What Is the Relationship Between Patient Financial Responsibility & Health Outcomes?
Patient financial responsibility (PFR for short) has changed a lot in the last decade. Price transparency is becoming more of a standard practice and surprise bills are a loyalty-killer as patients take on more of their healthcare costs. But these changes aren’t coming quick enough and aren’t as robust as they need to be in order to alleviate the anxiety and stress that comes with making patient payments.
So that leads to one question: How does patient financial responsibility relate to health outcomes? Unfortunately, they work symbiotically more than you’d think.
Patient Financial Responsibility and Health Outcomes Today
In its current state, the United States is at a strange point in time. Normally, American patients feel the stress of high healthcare costs and their financial responsibility and prior to the pandemic, 14% of consumers struggled with PFR. Now, coronavirus has exacerbated that stress. Contracting the virus can be detrimental for patients, causing time off work and lost income, plus costs that could be associated with treatment, even though providers are trying to lift that burden.
That’s why some patients are inclined to put off their health issues in an effort to save money. This happened (along with the temporary halt on elective procedures) a lot early during the coronavirus pandemic, and it resulted in low health outcomes for patients, especially those who are immune compromised. As the pandemic marches on, this continues to be a concern since insurers’ coverage of certain aspects of COVID-19 care are expiring.
On another side of this, patients are turned off by healthcare because the process isn’t easy, including costs and how to pay for it. Half of patients avoid healthcare because of it and 74% would be willing to pay $50 to know the cost of their visit.
What You Can Do
While PFR is a complicated issue that won’t be fixed overnight, providers can help make things easier for patients so that they’re willing to take charge of their health outcomes.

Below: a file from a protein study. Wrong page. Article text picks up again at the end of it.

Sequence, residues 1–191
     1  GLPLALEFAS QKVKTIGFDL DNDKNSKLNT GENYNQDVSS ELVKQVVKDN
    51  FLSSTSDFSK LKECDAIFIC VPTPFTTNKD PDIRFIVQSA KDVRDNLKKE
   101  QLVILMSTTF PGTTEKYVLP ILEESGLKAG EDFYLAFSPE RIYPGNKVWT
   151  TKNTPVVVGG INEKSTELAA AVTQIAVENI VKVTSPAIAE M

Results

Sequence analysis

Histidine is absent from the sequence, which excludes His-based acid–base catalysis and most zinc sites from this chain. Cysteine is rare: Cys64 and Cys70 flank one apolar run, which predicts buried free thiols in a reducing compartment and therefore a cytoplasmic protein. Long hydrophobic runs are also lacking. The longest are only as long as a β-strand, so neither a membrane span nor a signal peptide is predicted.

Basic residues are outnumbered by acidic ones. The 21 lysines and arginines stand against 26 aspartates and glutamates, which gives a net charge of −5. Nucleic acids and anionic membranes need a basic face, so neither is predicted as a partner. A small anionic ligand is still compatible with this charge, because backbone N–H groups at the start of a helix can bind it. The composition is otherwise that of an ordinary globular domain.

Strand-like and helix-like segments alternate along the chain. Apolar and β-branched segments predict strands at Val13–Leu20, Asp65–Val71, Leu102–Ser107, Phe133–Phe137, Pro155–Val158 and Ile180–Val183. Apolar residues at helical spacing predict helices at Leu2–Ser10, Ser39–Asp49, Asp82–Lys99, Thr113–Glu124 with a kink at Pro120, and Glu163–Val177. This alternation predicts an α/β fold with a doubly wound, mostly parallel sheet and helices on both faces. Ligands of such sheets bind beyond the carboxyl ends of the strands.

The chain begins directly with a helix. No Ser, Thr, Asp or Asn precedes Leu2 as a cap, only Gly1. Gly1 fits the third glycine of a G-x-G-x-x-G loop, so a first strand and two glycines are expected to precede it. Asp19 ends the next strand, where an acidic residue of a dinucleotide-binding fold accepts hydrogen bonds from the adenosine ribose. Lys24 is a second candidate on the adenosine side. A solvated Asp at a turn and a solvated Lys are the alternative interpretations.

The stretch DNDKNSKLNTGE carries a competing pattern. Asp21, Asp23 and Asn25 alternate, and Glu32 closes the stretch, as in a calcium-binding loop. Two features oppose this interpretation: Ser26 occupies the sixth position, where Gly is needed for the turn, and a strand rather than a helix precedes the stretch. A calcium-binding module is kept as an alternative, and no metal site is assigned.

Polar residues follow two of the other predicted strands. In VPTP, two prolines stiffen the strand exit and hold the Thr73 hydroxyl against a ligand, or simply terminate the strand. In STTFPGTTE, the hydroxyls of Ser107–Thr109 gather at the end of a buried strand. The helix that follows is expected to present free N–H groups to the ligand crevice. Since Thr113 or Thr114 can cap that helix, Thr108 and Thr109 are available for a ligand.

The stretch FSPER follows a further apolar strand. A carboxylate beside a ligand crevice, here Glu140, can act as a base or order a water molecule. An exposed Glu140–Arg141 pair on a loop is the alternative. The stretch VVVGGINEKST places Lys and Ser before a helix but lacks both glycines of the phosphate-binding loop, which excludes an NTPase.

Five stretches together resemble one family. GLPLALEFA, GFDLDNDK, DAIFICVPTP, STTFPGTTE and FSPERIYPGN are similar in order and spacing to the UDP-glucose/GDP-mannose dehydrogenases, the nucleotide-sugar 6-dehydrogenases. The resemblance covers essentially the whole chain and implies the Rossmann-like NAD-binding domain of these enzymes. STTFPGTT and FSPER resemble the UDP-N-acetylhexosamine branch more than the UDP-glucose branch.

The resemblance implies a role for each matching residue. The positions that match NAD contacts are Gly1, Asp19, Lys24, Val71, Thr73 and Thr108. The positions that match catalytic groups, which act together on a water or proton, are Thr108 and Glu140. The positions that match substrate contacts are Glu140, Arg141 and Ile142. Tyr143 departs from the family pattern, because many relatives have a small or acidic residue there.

Offer Payment Options
While it would be great if they could, many patients can’t pay their healthcare bill in full all at once. In fact, just over 50% of consumers with employer-sponsored insurance can afford a $500 healthcare bill. That’s why patients need options with flexible payment plans and options. Patients pay their bill over time and providers collect more patient payments without having to spend on collection costs.
Push for Transparency
While price transparency is becoming the law, go beyond what’s required. Make it as easy as possible to find average costs of procedures on your website, what payment options are available and contact information for your billing department. When a patient receives a bill, their costs should be laid out individually to avoid confusion or overcharges. These can be easy to list online within a digital health platform like the PatientBond Digital Health Platform.
Think Outside the Box
Providers know that not all patients are motivated to take charge of their healthcare. That’s why PatientBond uses psychographic segmentation to motivate patients to make payments and appointments to improve their health outcomes. By narrowing in on a patient’s personalities, values and attitudes, PatientBond can create messaging based on a patient’s segment. It not only encourages them to improve their health outcomes, but it also allows providers to increase their market share and patient payments.
When your center’s PFR is hurting, your patient’s health outcomes do too. By addressing these concerns, you can increase patient payments.